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Dale: Judge Not
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"Judge not, that you be not judged, for with the judgment you make you will be judged, and the measure you give will be the measure you get back."

We love these words that Jesus spoke in his Sermon on the Mount (Matthew 7:12). But as with many of his lessons, this one is prone to misapplication. Many trip over it and rise from the dust to follow a different path. Others pull this arrow out of their quiver to fire back at judgmental Christians.

Sometimes we invoke these words when we wish to avoid the responsibility of making uncomfortable discernments. We would rather walk past injustice or destructive behavior without investing any emotional capital. "I won't judge," we say to ourselves, as if our inaction is somehow noble. But in our hearts we know that Jesus is not calling us to a life of disengagement.

At other times, we say, "Don't judge me!"

This is not so much a good defense as an angry retort. We know we are not taking the high road, but like the woman caught in adultery, we want to hear Jesus say, "Neither do I condemn you." We forget that he also told her, "Go and sin no more" (John 8:11).

But if we wish to be wise as serpents and harmless as doves, we do not have the luxury of avoiding judgment. The serpent can only be wise by discerning truth and right, and the dove can only be harmless by recognizing and avoiding the potential harm she can cause.

So what are we to do with this difficult lesson?
Jesus' aim was not to make us better judges, but better citizens of the Kingdom of Heaven. To live under the sovereign rule of God is to accept God as the final arbiter and judge. This is both a great relief and an awesome obligation.

We should recognize that this is not a call to non-judgment, but a command to self-judgment. "Why do you see the speck in your neighbor's eye, but do not notice the log in your own eye?... First take the log out of your own eye, and then you will see clearly to take the speck out of your neighbor's eye" (Matthew 7:3-5).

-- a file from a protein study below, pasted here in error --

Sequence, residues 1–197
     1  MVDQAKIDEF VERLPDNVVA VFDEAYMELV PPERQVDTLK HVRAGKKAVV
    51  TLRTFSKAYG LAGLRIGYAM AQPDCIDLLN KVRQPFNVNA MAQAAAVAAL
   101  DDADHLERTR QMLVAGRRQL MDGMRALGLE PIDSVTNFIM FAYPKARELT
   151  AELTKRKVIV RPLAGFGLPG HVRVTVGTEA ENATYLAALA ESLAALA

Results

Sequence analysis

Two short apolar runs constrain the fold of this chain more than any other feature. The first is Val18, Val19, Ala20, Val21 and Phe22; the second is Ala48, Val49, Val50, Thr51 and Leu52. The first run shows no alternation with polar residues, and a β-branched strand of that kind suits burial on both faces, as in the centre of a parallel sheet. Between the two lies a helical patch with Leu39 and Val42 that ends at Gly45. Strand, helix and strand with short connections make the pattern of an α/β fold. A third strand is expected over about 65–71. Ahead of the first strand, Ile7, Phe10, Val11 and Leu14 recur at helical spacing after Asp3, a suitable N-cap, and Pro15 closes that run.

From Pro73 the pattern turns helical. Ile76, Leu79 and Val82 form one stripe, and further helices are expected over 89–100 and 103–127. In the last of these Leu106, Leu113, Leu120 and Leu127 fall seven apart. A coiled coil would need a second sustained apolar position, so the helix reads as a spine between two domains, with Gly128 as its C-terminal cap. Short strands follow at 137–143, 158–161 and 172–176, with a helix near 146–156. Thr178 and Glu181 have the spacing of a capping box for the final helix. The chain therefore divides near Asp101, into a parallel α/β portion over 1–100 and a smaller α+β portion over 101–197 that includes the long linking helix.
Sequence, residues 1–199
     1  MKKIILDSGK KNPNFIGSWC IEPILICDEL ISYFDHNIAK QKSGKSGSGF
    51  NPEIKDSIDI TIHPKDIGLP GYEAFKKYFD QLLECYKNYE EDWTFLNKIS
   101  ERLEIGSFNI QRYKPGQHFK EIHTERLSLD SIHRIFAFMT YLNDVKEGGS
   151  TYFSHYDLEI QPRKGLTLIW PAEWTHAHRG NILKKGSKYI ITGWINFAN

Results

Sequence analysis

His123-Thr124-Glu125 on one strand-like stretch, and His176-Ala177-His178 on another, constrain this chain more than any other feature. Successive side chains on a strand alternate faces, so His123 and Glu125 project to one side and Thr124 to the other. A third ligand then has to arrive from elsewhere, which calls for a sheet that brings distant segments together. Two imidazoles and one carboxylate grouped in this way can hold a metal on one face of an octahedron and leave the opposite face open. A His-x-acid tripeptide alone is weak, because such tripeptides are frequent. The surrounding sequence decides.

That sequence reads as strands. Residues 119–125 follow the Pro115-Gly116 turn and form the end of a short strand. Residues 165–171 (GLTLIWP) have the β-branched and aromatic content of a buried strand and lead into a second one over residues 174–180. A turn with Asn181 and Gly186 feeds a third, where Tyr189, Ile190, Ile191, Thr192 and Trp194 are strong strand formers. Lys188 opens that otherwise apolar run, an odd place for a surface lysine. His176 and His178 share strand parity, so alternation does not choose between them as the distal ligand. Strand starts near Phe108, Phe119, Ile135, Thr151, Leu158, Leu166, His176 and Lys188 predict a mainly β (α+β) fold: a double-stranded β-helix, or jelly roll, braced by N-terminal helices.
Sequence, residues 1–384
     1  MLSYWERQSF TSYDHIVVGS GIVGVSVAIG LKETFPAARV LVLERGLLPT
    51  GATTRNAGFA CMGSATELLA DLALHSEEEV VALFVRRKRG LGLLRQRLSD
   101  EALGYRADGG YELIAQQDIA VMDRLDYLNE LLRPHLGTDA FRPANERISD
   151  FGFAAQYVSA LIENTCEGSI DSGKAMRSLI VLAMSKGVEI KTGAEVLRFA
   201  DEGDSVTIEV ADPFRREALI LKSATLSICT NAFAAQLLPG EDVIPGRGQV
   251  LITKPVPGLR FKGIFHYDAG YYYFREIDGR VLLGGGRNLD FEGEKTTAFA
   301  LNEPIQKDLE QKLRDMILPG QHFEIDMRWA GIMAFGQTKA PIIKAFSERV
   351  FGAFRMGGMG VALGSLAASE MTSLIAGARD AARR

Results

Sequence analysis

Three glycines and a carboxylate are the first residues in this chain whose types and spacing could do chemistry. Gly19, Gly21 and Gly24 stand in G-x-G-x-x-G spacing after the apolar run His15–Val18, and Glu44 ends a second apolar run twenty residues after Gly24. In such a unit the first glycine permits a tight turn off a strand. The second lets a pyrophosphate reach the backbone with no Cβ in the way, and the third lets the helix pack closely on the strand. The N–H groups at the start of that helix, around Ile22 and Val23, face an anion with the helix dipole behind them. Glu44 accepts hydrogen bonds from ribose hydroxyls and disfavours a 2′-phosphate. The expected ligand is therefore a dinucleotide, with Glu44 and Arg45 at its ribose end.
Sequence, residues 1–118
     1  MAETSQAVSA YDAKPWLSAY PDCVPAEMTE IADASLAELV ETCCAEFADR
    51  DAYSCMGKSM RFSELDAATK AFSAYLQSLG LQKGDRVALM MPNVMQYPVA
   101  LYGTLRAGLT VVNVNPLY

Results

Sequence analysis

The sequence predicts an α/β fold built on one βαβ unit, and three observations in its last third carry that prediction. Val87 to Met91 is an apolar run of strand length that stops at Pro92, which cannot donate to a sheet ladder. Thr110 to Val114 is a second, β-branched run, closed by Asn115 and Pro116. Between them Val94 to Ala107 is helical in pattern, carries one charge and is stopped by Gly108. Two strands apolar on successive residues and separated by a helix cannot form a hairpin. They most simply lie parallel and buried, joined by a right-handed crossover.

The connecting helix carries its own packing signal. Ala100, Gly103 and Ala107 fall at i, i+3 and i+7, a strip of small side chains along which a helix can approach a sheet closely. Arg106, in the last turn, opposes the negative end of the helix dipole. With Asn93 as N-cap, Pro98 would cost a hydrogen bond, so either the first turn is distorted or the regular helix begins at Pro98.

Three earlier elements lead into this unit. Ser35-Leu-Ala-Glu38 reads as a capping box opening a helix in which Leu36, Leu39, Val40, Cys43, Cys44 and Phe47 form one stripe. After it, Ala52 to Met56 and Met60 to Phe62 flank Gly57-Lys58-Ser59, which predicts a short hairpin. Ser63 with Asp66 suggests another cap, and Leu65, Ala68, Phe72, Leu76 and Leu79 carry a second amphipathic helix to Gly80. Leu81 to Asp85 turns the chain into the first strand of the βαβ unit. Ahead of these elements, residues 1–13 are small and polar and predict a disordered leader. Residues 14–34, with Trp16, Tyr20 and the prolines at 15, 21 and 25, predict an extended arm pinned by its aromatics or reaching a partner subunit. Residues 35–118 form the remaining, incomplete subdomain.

We all need to correct the ones we love when we see they are making a mistake. We all need that loved one to do the same for us. But the first is more effective when we have seen the fault in ourselves, and the second is rendered moot when we have done the unpleasant task for them.

When we are correcting, we can ease the sting by saying, "I have made this mistake myself, and I want you avoid the pain it caused me." When we are being corrected, we keep the peace between friends if we can say, "You're right. I caught myself too."

We also should be mindful that while we are walking the tightrope between Godly discernment and petty faultfinding, we are under the watchful eye of the One True Judge, whose gaze pierces the veil of hypocrisy, yet whose mercy is never-ending. However we judge, it should be with the humility that comes from knowing our finitude and unworthiness. Whatever speck we wish to point out, surely there is a log in our own eye we have not even discovered yet.

So let us approach the task with fear and trembling, for there is a higher court to which all cases are appealed, and our own case is next on the docket. The measure we give will be the measure we get back. Meanwhile, our nobler task is to find the log which, by God's grace, we can flush out with tears of gratitude.

Brian Dale is pastor of Allen Memorial Methodist Church in Oxford.